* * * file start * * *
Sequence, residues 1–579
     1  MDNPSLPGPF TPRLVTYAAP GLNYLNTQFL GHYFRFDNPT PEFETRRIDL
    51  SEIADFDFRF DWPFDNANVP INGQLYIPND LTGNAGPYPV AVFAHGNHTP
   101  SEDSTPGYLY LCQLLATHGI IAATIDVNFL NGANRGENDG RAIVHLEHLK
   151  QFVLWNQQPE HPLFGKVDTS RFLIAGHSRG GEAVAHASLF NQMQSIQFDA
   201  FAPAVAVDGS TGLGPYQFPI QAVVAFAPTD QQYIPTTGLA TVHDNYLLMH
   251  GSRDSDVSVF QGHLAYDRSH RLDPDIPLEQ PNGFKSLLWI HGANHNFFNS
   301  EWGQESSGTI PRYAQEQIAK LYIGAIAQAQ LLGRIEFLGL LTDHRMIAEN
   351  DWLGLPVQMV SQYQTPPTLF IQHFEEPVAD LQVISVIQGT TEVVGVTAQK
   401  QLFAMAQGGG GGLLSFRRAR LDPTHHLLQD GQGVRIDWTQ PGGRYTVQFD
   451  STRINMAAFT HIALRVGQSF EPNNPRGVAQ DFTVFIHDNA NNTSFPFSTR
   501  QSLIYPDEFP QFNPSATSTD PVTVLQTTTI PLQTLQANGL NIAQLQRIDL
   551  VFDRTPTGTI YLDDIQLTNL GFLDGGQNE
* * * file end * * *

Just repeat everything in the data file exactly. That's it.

Sequence, residues 1–579
     1  MDNPSLPGPF TPRLVTYAAP GLNYLNTQFL GHYFRFDNPT PEFETRRIDL
    51  SEIADFDFRF DWPFDNANVP INGQLYIPND LTGNAGPYPV AVFAHGNHTP
   101  SEDSTPGYLY LCQLLATHGI IAATIDVNFL NGANRGENDG RAIVHLEHLK
   151  QFVLWNQQPE HPLFGKVDTS RFLIAGHSRG GEAVAHASLF NQMQSIQFDA
   201  FAPAVAVDGS TGLGPYQFPI QAVVAFAPTD QQYIPTTGLA TVHDNYLLMH
   251  GSRDSDVSVF QGHLAYDRSH RLDPDIPLEQ PNGFKSLLWI HGANHNFFNS
   301  EWGQESSGTI PRYAQEQIAK LYIGAIAQAQ LLGRIEFLGL LTDHRMIAEN
   351  DWLGLPVQMV SQYQTPPTLF IQHFEEPVAD LQVISVIQGT TEVVGVTAQK
   401  QLFAMAQGGG GGLLSFRRAR LDPTHHLLQD GQGVRIDWTQ PGGRYTVQFD
   451  STRINMAAFT HIALRVGQSF EPNNPRGVAQ DFTVFIHDNA NNTSFPFSTR
   501  QSLIYPDEFP QFNPSATSTD PVTVLQTTTI PLQTLQANGL NIAQLQRIDL
   551  VFDRTPTGTI YLDDIQLTNL GFLDGGQNE